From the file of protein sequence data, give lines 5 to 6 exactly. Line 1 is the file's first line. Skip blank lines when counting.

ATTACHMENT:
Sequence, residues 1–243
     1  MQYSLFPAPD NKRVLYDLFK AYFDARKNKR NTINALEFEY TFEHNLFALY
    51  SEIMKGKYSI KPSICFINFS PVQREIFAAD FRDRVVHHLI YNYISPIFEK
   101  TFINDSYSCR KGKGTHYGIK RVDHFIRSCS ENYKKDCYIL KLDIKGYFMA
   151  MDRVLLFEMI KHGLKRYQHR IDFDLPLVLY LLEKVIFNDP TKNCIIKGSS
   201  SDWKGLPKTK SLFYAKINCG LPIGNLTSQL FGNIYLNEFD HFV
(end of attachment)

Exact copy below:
   151  MDRVLLFEMI KHGLKRYQHR IDFDLPLVLY LLEKVIFNDP TKNCIIKGSS
   201  SDWKGLPKTK SLFYAKINCG LPIGNLTSQL FGNIYLNEFD HFV